A bi-partisan effort to explain the controversial pilot program for assessing Monmouth County properties, the Assessment Demonstration Program, is generating support for the program as one of the eight municipalities that opted out of the program has reenlisted and other towns are choosing to stay with the program that is reducing the amount of property tax appeals filed.
The biggest problem the program has faced is confusion between the alleged improprieties and conflicts of interests in the implementation of the program exposed by an Asbury Park Press series which instigated an investigation by the Monmouth County Prosecutor’s Office and the benefits and weaknesses of the program itself.
The Asbury Park Press editorial board recently took a position AGAINST setting speed limits based on engineering criteria and FOR setting limits based on the hunches of unqualified elected officials and bureaucrats. The position is so fundamentally flawed, so based on decades-old defunct myths, so devoid of any basis in actual fact, that it’s hard to decide where to begin.
My speed limit initiative is a simple one – set speed limits based on sound engineering criteria. I would remove uninformed or profit-motivated elected officials and bureaucrats from the process. Traffic laws shouldn’t be based on the random hunches of any of us. Setting any law by hunch only diminishes the public’s confidence in ALL laws. That’s not a way to enhance safety anywhere. Why should the public take a 25 mph school speed limit seriously when we randomly post such speed limits all over – including stretches of roadway that should be posted at 40? Don’t even get me started on the damage random limits have on the image of our police – who become the face of these arbitrary laws.
“Women’s Healthcare Options Open, Available and Accessible”
Photo Credit: Dave Lewis, LewisArtandPhoto.com
Assemblyman Declan O’Scanlon (R-Monmouth) called out his colleague, Assemblywoman Eliana Pintor Marin (D- Newark) for continuing to perpetrate the myth that New Jersey short changes funding for women’s healthcare.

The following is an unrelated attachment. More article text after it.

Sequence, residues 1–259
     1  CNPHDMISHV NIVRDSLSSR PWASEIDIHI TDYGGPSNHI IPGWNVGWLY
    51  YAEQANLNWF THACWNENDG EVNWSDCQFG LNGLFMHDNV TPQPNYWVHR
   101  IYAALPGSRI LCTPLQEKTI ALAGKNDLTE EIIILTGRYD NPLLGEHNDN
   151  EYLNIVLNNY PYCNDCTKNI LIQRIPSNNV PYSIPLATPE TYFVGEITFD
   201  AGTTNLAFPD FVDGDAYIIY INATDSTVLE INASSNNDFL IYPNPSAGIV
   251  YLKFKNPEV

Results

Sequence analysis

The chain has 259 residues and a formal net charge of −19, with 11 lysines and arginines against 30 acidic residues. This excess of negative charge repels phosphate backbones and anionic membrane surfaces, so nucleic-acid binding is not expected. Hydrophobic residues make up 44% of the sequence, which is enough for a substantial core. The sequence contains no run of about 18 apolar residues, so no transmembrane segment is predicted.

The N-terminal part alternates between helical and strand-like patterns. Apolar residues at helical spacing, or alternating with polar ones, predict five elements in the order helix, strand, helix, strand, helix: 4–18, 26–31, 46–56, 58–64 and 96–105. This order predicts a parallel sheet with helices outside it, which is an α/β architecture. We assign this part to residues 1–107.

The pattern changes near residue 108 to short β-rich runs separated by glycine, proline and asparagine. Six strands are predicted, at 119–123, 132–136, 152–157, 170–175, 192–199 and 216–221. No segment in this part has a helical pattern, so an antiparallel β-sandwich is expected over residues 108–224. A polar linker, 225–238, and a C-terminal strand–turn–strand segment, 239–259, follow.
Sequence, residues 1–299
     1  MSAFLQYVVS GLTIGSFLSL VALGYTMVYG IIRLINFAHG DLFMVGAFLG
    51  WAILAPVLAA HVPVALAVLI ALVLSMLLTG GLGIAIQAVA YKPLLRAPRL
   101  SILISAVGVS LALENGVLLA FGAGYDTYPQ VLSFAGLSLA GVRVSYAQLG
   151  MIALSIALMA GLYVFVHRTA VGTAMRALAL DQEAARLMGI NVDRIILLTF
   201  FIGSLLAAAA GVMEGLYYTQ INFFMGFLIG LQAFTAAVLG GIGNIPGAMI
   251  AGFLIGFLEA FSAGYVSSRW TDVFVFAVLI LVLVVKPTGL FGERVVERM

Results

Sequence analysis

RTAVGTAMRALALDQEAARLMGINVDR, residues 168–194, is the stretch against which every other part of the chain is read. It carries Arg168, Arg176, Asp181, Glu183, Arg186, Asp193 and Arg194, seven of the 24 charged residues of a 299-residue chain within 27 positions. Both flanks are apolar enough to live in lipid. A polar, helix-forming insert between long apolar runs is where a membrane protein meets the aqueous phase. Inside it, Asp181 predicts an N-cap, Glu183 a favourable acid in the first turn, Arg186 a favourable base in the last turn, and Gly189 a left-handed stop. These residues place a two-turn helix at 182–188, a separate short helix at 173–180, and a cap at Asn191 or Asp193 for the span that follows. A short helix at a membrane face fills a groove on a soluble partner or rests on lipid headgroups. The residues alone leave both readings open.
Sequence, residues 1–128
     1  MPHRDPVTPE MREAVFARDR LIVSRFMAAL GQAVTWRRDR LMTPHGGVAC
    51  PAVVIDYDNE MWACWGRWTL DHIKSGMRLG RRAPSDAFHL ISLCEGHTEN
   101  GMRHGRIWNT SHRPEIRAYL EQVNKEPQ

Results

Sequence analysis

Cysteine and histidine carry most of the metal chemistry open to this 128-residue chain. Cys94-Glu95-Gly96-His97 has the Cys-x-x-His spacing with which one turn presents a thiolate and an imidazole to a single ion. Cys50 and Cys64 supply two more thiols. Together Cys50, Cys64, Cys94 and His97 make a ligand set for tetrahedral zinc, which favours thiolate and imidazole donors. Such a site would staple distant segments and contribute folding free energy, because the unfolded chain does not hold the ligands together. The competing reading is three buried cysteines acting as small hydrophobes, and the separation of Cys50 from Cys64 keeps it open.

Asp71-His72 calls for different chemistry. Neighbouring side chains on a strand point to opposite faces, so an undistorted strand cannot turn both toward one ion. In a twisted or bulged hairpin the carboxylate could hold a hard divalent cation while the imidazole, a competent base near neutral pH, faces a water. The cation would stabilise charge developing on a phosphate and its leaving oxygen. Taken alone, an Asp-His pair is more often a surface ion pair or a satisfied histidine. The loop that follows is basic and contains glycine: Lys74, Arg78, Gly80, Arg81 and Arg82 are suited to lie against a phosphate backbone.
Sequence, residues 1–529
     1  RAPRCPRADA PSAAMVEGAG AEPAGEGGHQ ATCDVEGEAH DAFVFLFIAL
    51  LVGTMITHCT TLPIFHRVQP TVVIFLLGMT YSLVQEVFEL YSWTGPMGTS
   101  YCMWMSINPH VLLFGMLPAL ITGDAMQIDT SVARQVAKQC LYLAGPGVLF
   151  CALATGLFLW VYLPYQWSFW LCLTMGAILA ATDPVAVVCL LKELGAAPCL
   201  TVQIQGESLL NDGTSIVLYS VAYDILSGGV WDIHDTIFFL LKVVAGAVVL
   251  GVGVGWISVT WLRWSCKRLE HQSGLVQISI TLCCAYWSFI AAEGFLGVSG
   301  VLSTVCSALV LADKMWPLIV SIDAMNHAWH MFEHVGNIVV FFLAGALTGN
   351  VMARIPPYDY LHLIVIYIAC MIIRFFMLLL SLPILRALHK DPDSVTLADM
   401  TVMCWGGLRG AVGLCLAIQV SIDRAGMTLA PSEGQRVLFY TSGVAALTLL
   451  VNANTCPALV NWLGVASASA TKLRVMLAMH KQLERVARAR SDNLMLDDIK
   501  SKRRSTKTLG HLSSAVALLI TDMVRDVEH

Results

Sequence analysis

“I count at least seven line items where we put money to women’s healthcare, including $135 million for family health services to provide prenatal and perinatal care for expectant mothers and their children,” said O’Scanlon. “The results of the Republican investment in women’s healthcare speak for themselves. New Jersey is in the top five States with the lowest STD rates in the country. Other states look to New Jersey as a model for STD prevention.” O’Scanlon also pointed out that the Democrats have failed to provide any additional funding for Family Planning Services in the Fiscal Year 2016 budget they passed last June.”
Assemblyman Declan O’Scanlon is reminding New Jersey residents that the end of the Red Light Camera program, which occurred last December 16th, is one of the many things to celebrate this time of year.
“December 16 marks the one year anniversary of the termination of New Jersey’s failed experiment with for-profit traffic enforcement. It is a blessed day for New Jersey drivers who no longer have to fear having their pockets picked by the predatory, corrupt and dishonest companies who operated the systems.
We proved in New Jersey – where the systems showed no safety benefit but cost drivers tens of millions of dollars – that red light cameras are merely a way for camera operators to legally steal from drivers. If yellow lights are timed fairly there aren’t enough violators to even cover the systems’ costs – never mind generate profits for the municipal officials complicit in the scheme. Properly set yellow lights and properly engineered intersections also lead to genuine safety benefits – unlike completely ineffective red light and speed cameras.